Thursday, October 25, 2012

Reciprocity – Like Water to Fish, Part Two

Bob Fiske

Reciprocity – Like Water to Fish, Part Two

CLICK HERE to go to Part One.

Deep Values.  Let us propose that not all values are equal.  Some values may be woven so tightly and deeply into the fabric of a culture that they are held by virtually every person who has grown up in that culture.  Deep values of this type are so common that I compare them to the water in which fish swim.  Do fish notice that they are constantly surrounded by water?  Similarly, how often does a person in our society notice he or she is guided by a deep value?  Not only that, but the rare person who goes even farther and dares to question whether a certain deep value is good or necessary may be regarded as crazy or threatening.

Now, some fish may be in a position that allows them to become aware of the water.  (Think of flying fish or trout leaping at bugs buzzing over the pond.)  By the same token, some people may be in a position to recognize a deep value in their culture long before the majority of that culture’s inhabitants do.  Perhaps that person is forced by a quirk of history to inhabit a social niche in which that value is not such a certainty.

Or, recognition of the deep value might occur because it has negative consequences.  This can happen if “the system” is already in a grotesque state of imbalance.  An imbalanced system is in a state of stress, therefore, negative consequences can add to that stress.  If so, then it becomes harder and harder to ignore the damage that a deep value is doing.  (By way of analogy, imagine a cracked fishbowl in which fewer and fewer fish can rely on the presence of water.  In this stressed system, all the fish become aware of water.)

I now wish to discuss one of these deep values, reciprocity.  This value has been central to civilizations for thousands of years.  It must have occupied an important place in the social structure to have not been displaced.  Yet, modern society has pushed this value to such ridiculous extremes that terrible consequences are unfolding.  Later, I will discuss an alternative to reciprocity and why that alternative’s importance should be elevated.

What is Reciprocity?  Reciprocity is an important type of value, the type that we use to evaluate the worth of things and actions.  We also use it to regulate our use of another precious commodity: time.

Reciprocity—this sounds like I’m using a fifty dollar word where a fifty cent word would suffice.  Well, I’ve been known to do that…  Let’s see if some related phrases can clue us in to the idea: return on investment, payoff, fair trade, good deal, not ripped off, equitable business transaction.  Reciprocity has to do with fair exchanges, and that idea has been with us for millennia.

I believe that ever since people recognized opportunities to exchange things—call it what you will, barter, trade, exchange of goods and services—they were confronted by the issue of fairness.  Why even children show a propensity to think this way.  There is an underlying concern about being taken advantage of, or giving away more than you’re getting in exchange.  In fact, I find it plausible that the institution of monetary currencies owes its existence to this concern about fair exchanges.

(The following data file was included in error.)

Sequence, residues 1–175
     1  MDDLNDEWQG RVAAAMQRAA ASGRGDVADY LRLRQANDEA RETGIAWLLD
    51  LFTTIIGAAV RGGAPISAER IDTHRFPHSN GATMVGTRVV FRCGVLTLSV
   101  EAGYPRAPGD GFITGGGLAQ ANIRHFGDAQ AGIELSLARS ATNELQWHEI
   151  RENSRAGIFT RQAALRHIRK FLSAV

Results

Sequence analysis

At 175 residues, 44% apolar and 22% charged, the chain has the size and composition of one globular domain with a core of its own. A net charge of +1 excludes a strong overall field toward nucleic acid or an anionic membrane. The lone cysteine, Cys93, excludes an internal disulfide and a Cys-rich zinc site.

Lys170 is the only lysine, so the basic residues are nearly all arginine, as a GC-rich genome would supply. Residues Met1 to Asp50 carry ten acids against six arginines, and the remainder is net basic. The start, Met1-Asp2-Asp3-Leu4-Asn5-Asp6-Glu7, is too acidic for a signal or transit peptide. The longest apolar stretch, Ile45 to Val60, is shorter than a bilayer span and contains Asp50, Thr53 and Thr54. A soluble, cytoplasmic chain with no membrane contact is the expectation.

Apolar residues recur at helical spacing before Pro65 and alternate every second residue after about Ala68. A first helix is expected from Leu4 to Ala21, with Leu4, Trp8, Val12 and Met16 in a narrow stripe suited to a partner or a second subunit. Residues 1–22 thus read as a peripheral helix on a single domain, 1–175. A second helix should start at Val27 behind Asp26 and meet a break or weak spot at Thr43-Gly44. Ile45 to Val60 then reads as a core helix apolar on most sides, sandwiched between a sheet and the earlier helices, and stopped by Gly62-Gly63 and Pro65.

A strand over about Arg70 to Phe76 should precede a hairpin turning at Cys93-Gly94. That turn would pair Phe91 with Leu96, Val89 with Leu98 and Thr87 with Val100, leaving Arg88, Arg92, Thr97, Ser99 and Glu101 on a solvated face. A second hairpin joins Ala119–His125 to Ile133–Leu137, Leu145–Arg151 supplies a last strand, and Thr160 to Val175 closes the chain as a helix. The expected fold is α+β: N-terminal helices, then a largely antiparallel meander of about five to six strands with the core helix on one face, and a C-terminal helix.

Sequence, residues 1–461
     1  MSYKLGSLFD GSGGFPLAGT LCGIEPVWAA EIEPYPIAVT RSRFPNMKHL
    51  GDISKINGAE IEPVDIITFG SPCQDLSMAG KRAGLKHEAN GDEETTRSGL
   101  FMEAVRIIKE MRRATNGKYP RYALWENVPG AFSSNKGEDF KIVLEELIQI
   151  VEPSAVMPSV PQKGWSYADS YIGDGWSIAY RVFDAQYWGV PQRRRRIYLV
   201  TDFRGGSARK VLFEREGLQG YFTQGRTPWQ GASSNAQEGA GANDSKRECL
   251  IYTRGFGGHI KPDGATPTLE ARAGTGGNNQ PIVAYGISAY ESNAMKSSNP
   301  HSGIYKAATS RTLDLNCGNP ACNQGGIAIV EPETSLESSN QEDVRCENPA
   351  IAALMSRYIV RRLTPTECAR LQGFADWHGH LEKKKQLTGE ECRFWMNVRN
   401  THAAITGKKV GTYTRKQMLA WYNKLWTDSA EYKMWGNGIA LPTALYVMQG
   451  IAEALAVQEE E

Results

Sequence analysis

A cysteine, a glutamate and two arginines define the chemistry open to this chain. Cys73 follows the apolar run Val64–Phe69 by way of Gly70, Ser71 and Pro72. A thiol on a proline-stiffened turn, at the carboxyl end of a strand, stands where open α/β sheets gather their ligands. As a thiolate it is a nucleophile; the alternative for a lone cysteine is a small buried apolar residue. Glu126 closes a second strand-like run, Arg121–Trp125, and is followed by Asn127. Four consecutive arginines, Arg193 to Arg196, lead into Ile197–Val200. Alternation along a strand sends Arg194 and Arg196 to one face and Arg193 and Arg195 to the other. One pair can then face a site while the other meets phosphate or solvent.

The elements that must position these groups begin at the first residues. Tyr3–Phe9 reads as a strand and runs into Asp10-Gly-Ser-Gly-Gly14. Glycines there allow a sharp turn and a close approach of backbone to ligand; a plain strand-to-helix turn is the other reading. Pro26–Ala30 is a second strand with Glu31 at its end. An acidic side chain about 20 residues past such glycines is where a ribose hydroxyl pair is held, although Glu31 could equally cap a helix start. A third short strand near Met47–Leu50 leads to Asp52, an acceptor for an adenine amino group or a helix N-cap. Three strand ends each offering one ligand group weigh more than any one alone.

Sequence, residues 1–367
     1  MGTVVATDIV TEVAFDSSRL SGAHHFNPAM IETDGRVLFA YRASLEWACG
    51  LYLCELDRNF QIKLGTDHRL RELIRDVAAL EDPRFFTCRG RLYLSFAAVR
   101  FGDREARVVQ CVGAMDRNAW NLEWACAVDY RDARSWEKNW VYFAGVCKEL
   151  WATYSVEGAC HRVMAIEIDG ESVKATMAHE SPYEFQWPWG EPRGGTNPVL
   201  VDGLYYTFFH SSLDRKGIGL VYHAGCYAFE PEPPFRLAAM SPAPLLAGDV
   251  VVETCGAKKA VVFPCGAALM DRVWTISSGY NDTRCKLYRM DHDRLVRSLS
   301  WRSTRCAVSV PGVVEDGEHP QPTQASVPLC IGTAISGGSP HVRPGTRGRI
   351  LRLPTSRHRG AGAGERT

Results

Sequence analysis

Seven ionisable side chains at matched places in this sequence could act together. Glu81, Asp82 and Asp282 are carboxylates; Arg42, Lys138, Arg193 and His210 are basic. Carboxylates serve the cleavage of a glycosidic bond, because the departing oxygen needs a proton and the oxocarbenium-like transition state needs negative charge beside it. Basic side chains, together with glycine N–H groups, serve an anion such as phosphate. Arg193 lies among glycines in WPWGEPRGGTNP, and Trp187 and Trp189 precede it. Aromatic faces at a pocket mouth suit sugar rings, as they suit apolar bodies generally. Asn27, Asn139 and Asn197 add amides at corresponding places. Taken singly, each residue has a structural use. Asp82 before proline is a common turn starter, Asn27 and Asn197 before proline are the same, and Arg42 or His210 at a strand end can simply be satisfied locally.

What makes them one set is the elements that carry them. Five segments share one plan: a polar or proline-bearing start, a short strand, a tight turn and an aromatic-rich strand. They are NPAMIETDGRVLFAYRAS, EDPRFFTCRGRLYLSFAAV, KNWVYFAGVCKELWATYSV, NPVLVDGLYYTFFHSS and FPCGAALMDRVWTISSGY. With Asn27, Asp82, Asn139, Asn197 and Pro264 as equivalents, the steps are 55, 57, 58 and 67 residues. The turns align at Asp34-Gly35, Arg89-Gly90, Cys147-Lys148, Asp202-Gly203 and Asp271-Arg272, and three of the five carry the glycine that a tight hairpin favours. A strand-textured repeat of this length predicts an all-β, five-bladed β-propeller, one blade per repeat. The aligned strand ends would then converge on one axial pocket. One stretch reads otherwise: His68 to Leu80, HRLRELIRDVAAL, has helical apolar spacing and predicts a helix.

And why does this concern exist?  Because it is natural and tempting for a person to want to maximize his or her resources, even if this means that a trading partner ends up with less than a fair share.  (By the way, there are interesting similarities in biology.  Nature learned to deal with these issues long before the thinking brain appeared on the scene.)

Think of the business person or the private investor.  It is “natural” to want to maximize your return on investment or to leverage your profit.  Why, it is simply a case of efficiency, of doing more with less, and who could question that?  When a deal profits us, do we question that?  Does it occur to us that our good fortune might be a distortion of true fairness, or reciprocity?

In an earlier age, the earth appeared to have plenty of everything humans needed (space, water, resources, labor).  Therefore it was easy to accept the efficiency of maximizing return without regard to what might be happening on the side that you weren’t inhabiting.  But as the human population approached and crossed the three-billion mark, the system began to display strain.  Hence the concern of a few individuals to come together in the Club of Rome.

I believe that right now it is much easier to question the value of maximizing “payoff”.  Why?  Because the earth is crowded with seven billion of us (and growing).  Every negative effect of a deep value is multiplied many billions of times.

Summary of Part One.  Some values are “deep values”.  They are woven tightly into the culture and are held by virtually every person.  But deep values are hard to recognize unless the system is in gross imbalance.  This essay focuses on the deep value known as reciprocity.  Although reciprocity suggests the idea of fair exchanges, it is usually modified by the natural human tendency to maximize payoff.  Some people justify this as efficiency, or doing more with less.  Our huge human population is causing this distortion of reciprocity to deliver more and more damage to the world system in which we live.

CLICK HERE to go to Part Three.


  1. Nice essay, very true , would like to read a part three. What do you think is a solution to this problem?